COVID-19 Vaccine Patent Race

Written By: Alice Chuang

Life in 2020 has been heavily been dictated by the novel COVID-19 virus. With alarming infection and fatality rates has been changing what is considered the “new normal.”[1] Vaccine research and development around the world has come tremendous pressure, resulting in the global patent race for a COVID-19 vaccine.

Generally, a patent is an exchange between the inventor and the national government in which the inventor discloses to the public exactly how to recreate the claimed invention.[2] The incentive is the right to choose who, when, where, and how the invention is manufactured, used, or sold.[3] The patent essentially creates a sort of monopoly over the invention to recoup the investment costs of research and development.[4] While the frenzy to develop a vaccine for the COVID-19 may initially appear to be an altruistic desire to save the world, there are actually significant issues that the patent system causes for this industry as it alters the vaccine-creating motive and causes negative repercussions.

The monopoly that patents grant allows companies to charge prices above what would be available in the free market.[5] This is the freedom to upcharge for drugs that the world desperately needs to reduce the staggering fatality rates.[6] Even though the United States government could bypass patent rights, it would have to provide a hefty compensation to the patent holder.[7]The current system raises the question of whether the intent behind medicine production is solely for monetary gain or for actual public benefit, and whether that intent impacts how our healthcare system operates. What this means for the COVID-19 vaccine race specifically is that a single company could have monopoly over a product that is needed by people around the world and necessary to prevent deaths in many communities.[8] This patent translates to an immense economic power for one with many companies receiving nothing in return for their investments and work.[9] This will also open the floodgates to many patent infringement lawsuits.[10]

Economists and experts have suggested for many years now that the patent system does more harm than good for the healthcare system.[11] A better incentive system is a prize system that separates the act of inventing the vaccine from the actual drug production and distribution.[12] In a crisis situation, like the current global pandemic that we are in, nations should not be engaging in economic nationalism or relying on a patent system that does not foster the most efficient solution.[13] Ultimately, when it comes to a global health pandemic, a system that promotes helping all should be prioritized above economic gain – and the current patent system may not be the right system for that.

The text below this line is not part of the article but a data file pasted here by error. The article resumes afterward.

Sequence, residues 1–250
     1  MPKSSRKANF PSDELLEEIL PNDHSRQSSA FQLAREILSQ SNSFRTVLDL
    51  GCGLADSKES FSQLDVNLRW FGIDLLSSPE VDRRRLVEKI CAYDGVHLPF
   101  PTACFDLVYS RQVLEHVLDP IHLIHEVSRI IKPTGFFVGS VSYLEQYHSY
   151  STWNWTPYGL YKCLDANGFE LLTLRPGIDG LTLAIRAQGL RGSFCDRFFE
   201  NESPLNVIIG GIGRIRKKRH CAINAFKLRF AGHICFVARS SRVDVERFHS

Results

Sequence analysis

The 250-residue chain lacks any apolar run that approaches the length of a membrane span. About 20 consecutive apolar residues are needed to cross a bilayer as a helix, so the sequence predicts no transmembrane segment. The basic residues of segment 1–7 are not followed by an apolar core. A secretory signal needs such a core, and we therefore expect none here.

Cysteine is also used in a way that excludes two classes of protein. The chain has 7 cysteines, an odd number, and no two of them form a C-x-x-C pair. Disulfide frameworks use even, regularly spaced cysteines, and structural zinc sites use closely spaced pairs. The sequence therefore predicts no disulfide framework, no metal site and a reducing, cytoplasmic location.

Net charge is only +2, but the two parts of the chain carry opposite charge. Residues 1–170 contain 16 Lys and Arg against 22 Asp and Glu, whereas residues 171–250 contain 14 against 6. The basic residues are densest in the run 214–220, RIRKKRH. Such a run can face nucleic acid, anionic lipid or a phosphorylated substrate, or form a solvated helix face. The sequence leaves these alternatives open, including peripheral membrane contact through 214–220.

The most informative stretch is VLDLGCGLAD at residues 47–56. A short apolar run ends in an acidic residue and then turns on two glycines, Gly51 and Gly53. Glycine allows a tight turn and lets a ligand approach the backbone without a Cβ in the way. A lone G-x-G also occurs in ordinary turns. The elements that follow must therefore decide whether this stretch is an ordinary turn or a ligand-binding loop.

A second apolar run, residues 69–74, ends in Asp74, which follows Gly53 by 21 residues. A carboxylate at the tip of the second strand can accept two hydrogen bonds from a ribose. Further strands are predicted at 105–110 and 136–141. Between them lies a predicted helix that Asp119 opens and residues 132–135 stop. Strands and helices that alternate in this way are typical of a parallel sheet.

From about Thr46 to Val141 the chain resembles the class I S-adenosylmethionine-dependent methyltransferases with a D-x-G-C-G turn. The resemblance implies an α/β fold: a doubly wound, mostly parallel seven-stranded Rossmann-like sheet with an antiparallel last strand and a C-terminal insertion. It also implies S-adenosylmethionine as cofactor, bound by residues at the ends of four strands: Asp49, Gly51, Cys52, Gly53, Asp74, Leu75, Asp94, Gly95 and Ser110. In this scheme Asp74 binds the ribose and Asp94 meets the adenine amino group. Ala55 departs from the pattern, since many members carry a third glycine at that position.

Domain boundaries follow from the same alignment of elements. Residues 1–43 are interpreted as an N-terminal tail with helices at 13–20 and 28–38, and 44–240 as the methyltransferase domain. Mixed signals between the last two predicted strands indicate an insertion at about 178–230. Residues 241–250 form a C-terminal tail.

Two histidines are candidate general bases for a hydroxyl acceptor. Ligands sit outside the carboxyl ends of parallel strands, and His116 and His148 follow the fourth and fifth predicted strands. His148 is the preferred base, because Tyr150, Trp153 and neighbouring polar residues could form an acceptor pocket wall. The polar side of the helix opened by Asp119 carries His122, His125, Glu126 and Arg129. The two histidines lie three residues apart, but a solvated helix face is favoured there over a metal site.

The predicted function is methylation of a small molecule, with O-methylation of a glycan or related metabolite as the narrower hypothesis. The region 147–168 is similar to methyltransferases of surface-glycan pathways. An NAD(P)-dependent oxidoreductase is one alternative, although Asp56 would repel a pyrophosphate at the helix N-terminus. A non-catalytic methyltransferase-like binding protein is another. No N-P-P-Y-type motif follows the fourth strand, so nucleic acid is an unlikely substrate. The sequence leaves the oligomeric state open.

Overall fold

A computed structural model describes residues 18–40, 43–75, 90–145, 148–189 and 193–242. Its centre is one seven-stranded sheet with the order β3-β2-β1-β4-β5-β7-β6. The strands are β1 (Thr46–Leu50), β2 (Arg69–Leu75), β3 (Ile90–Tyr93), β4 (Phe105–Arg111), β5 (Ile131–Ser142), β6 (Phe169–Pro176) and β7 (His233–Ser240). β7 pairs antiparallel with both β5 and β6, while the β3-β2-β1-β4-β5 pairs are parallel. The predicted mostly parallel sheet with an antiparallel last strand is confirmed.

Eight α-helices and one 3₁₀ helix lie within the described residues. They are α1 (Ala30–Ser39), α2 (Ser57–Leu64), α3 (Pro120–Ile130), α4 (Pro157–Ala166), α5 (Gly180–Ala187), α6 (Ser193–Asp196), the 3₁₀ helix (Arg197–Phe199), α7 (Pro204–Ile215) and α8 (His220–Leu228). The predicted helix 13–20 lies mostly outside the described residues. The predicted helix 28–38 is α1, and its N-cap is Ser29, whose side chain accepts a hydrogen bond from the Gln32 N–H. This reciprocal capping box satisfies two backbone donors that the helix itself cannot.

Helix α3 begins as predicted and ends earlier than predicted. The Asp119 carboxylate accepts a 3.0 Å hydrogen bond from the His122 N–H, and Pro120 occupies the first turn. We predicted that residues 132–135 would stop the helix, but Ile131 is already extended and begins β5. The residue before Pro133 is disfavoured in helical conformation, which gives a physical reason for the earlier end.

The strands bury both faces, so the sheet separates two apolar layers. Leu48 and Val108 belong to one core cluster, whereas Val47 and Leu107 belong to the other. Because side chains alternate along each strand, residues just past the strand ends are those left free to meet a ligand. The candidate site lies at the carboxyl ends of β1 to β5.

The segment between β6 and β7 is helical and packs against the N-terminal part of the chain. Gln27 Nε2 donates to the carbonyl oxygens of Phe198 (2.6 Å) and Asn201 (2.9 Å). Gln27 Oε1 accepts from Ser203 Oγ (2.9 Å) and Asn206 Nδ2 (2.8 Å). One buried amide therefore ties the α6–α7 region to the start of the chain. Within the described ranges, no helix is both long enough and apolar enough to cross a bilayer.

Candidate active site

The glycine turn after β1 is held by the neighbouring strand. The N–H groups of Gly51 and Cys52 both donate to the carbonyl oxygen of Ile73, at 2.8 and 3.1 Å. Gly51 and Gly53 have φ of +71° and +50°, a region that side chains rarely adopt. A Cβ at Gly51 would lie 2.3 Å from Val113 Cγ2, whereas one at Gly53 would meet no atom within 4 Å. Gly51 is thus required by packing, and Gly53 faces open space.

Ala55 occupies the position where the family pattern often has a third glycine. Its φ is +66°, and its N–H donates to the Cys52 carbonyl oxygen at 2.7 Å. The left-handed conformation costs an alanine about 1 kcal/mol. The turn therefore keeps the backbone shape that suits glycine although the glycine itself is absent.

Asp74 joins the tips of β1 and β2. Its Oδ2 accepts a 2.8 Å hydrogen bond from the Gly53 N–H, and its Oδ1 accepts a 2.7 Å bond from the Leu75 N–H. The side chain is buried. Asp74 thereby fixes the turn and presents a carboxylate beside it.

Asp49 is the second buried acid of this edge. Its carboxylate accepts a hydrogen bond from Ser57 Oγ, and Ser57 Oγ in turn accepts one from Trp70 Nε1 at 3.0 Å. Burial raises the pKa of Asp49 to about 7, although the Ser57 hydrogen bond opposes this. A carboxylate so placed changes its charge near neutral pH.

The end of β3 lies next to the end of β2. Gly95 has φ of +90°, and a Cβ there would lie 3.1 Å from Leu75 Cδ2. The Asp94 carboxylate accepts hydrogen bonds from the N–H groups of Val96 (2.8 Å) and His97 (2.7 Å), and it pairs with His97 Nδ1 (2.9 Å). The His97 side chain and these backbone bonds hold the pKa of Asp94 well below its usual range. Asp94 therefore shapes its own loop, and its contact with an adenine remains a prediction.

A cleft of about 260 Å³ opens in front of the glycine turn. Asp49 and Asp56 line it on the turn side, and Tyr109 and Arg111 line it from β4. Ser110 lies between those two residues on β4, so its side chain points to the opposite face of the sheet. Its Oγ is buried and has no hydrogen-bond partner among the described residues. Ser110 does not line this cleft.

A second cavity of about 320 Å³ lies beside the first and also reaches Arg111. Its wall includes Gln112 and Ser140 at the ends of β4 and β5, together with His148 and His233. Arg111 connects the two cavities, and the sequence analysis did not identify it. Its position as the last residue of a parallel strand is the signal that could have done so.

[1] COVID-19 Dashboard by the Center for Systems Science and Engineering (CSSE) at Johns Hopkins University (JHU), Coronavirus Resource Center (Sept. 23, 2020, 7:15pm showing 31,759,233 cases worldwide and 973,904 deaths), https://coronavirus.jhu.edu/map.html [https://perma.cc/9GBZ-KZDB].

[2] Rebeca Echevarria Harasimowicz, The Global Patent Race for a COVID-19 Vaccine, NAT’L L. Rev. (Mar. 24, 2020), https://www.natlawreview.com/article/global-patent-race-covid-19-vaccine [https://perma.cc/Y54W-5Z3Y].

[3] Id.

[4] Natalie Stoianoff, Whoever Invents a Coronavirus Vaccine Will Control the Patent – and, Importantly, Who Gets to Use It, The Conversation (May 29, 2020), https://theconversation.com/whoever-invents-a-coronavirus-vaccine-will-control-the-patent-and-importantly-who-gets-to-use-it-138121 [https://perma.cc/JH9P-CDYK].

[5] Simon Lester, We Need a Coronavirus Vaccine. Patents Might Slow the Process., CATO Institute (April 8, 2020), https://www.cato.org/publications/commentary/we-need-coronavirus-vaccine-patents-might-slow-process [https://perma.cc/4L35-5X73].

[6] Supra note 1.

[7] Joel Wallace, Mad Dash to Coronavirus Vaccine May Face Legal Hurdles, IPWatchDog (Mar. 12, 2020), https://www.ipwatchdog.com/2020/03/12/mad-dash-coronavirus-vaccine-may-face-legal-hurdles/id=119790/ [https://perma.cc/7ZGH-D7A4].

[8]  Simon, supra note 4.

[9] Id.

[10] Id.

[11] Id.

[12] Id.

[13] Id.


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